Good Ol’ Freda – Ryan White (Available on Netflix)
The world is running out of original Beatles stories; in fact, this may be the last one, as the Beatles and their contemporaries enter their 70s and, as Freda Kelly notes at one point, many of them are already gone. The story is one of a young girl who won the social lottery, happening upon the Beatles in the Cavern Club before they made it big and becoming tight enough with the band that they eventually asked her to work for them as secretary. Kelly also served as president of the bands’ fan club, hounding each member for autographs and locks of hair for adoring fans who wrote in because she knew exactly what it was to be one. Kelly is remarkable for her service, but more still for not taking advantage of it, cashing in with a tell all book or selling any of her incredibly rare memorabilia picked up from her time with the band. It is at once frustrating and enamoring that Kelly still holds to her Beatles secrets to this day, even with a camera in her face.
No Place on Earth – Janet Tobias (Available on Netflix)
If it came to it, if Nazis were coming, could you survive in a cave for nearly two years? What a question, but that’s what it came to for a handful of Jewish families in rural Ukraine as the Nazis arrived during World War II. The film focuses on the Stermer family in particular in this recreation of the 511 days of fear, hunger and darkness the endured that was brought back to life after a man from New York came across shoes, keys and buttons while caving in the Ukraine. It took him a decade to suss out any part of the story before finally coming upon the diary of Esther Stermer, the matriarch of one of the families who survived life in the cave.
Ip Man: The Final Fight – Herman Yau (Available on Netfix)
By now, you must all know who Ip Man is, the legendary Chinese martial artist and teacher of the Wing Chung school whose most famous student was Bruce Lee. He is the new Wong Fei Hong right now, and your choices are almost limitless if you want to watch a movie about them. The Final Fight is more of a traditional biopic version of the story, condensing much of his life into two hours. There are plenty of fight scenes though, and the film won the Daniel A. Craft Award for Excellence in Action Cinema at the NY Asian Film Festival last year. This is the version of the story that brings its lunchpail to work with it.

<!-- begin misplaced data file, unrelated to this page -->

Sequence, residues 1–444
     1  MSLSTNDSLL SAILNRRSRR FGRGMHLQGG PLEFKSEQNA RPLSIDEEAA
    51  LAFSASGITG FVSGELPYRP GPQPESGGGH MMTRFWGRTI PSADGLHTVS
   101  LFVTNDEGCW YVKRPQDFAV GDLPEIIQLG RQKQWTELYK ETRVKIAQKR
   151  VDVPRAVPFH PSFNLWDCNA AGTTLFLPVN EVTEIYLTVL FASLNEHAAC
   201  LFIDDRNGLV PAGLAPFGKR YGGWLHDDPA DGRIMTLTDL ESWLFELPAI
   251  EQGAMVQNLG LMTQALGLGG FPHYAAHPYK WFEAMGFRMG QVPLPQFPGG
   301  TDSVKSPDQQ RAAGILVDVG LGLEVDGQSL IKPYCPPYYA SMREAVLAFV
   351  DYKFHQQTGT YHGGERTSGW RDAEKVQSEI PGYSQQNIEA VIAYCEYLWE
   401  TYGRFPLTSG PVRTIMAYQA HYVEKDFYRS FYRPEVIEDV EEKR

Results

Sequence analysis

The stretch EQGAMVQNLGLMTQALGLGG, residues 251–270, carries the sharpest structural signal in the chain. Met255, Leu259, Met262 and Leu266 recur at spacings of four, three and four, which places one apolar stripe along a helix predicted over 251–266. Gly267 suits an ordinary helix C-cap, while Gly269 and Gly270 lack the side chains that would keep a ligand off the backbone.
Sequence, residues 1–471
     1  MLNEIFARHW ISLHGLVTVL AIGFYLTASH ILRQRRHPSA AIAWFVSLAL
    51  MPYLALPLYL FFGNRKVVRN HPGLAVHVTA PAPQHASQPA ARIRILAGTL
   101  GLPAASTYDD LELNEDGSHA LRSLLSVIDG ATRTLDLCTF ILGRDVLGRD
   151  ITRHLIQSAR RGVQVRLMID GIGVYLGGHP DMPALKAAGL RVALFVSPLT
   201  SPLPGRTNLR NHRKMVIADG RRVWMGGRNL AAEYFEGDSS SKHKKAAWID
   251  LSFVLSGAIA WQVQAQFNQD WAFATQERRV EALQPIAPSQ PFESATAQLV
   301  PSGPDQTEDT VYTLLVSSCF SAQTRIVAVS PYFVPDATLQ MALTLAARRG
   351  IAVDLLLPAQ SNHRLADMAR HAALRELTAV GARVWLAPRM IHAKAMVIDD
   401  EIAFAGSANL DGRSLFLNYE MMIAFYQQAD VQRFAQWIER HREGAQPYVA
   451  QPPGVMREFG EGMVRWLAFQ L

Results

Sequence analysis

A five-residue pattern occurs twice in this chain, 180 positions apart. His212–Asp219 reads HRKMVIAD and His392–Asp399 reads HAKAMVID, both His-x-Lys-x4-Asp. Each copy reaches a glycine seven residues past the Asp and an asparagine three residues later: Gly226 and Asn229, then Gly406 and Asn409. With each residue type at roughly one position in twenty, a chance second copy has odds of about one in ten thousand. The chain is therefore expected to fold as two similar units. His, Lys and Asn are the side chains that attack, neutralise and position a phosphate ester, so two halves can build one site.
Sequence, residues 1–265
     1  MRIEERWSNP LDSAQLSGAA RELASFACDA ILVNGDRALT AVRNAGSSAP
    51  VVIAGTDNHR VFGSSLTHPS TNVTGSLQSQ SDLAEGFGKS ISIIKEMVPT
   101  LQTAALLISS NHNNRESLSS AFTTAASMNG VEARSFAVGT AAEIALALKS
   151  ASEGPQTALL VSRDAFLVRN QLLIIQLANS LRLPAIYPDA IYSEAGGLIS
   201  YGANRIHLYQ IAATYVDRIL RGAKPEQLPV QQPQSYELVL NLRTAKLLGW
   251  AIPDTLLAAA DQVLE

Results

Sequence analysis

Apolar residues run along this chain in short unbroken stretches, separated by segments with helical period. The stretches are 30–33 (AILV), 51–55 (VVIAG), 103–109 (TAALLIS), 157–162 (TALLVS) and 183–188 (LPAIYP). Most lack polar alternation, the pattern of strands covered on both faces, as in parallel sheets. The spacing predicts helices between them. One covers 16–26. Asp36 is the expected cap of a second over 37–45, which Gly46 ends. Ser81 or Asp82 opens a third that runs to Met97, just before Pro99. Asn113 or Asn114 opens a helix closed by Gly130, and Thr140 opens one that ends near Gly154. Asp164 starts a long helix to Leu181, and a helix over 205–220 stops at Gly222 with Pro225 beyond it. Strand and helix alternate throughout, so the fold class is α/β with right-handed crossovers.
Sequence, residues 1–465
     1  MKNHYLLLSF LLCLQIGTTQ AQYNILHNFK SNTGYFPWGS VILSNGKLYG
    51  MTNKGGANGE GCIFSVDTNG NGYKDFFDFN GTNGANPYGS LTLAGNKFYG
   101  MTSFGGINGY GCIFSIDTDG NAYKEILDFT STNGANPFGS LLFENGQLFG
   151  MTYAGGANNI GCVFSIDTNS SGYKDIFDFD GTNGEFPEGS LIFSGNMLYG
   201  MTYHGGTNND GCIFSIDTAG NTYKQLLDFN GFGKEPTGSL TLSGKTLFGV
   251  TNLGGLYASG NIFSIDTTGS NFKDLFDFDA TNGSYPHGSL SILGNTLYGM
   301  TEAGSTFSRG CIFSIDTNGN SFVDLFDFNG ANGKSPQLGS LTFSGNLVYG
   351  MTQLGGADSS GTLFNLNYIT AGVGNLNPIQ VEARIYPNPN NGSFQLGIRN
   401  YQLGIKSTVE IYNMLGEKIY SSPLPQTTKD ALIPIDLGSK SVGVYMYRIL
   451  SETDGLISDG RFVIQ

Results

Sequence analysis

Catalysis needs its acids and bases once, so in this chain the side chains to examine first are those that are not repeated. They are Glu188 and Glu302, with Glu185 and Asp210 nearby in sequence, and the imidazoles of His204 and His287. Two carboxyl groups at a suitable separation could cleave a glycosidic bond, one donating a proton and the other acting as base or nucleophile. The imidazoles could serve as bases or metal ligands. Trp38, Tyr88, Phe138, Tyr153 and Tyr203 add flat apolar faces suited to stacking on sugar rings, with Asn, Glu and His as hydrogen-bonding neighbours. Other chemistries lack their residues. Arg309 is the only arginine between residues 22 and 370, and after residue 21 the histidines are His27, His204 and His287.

Touchy Feely – Lynn Shelton (Available on Netflix)
It’s kind of hard to believe Josh Pais is the same actor who, vocally at least, brought the ball of rage that is Rafael to life in Teenage Mutant Ninja Turtles (the first and best one, not this new bullshit). In Touchy Feely he plays a timid, conservative dentist. He is a comic foil for his wild, hippy massage therapist sister (Rosemarie DeWitt) until their fates interchange: he finds that his hands can heal, while she loses the ability she’s been honing and comes to loath the touch of another person’s skin. The cast of this bright, unassuming comedy is filled out by Allison Janney and Ellen Page. Lynn Shelton continues to be a voice to pay attention to in independent film.
Which Way Is the Frontline From Here: The Life and Times of Tim Hetherington – Sebastian Junger (Available to stream on HBOGO)
Tim Hetherington, the photojournalist who came to wide prominence for the Oscar nominated documentary Restrepo, is lovingly profiled here by his friend (and fellow Oscar nominee) Sebastian Junger following his tragic death in Libya, where he was covering the uprising. Featuring interviews from family, friends and fellow journalists, it is a compelling, no bullshit account of Hetherington’s too-short life. He was a brilliant photographer, seemingly because he didn’t care about photography — he cared about the people he was photographing. Borrow someone’s HBOGO password if you have to, but see this.